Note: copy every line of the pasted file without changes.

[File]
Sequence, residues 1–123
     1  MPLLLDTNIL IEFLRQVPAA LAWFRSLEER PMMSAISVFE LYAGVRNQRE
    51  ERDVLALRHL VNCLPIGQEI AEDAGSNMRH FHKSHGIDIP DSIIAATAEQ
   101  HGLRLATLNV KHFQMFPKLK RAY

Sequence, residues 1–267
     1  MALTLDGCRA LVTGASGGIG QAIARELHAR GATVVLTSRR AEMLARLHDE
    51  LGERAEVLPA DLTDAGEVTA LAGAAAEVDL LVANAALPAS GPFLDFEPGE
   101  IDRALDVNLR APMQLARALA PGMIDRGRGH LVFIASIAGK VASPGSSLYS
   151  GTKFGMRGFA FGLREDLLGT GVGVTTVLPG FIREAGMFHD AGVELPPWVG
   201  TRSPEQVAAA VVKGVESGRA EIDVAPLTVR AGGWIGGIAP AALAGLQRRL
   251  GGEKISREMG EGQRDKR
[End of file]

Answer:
Sequence, residues 1–123
     1  MPLLLDTNIL IEFLRQVPAA LAWFRSLEER PMMSAISVFE LYAGVRNQRE
    51  ERDVLALRHL VNCLPIGQEI AEDAGSNMRH FHKSHGIDIP DSIIAATAEQ
   101  HGLRLATLNV KHFQMFPKLK RAY

Sequence, residues 1–267
     1  MALTLDGCRA LVTGASGGIG QAIARELHAR GATVVLTSRR AEMLARLHDE
    51  LGERAEVLPA DLTDAGEVTA LAGAAAEVDL LVANAALPAS GPFLDFEPGE
   101  IDRALDVNLR APMQLARALA PGMIDRGRGH LVFIASIAGK VASPGSSLYS
   151  GTKFGMRGFA FGLREDLLGT GVGVTTVLPG FIREAGMFHD AGVELPPWVG
   201  TRSPEQVAAA VVKGVESGRA EIDVAPLTVR AGGWIGGIAP AALAGLQRRL
   251  GGEKISREMG EGQRDKR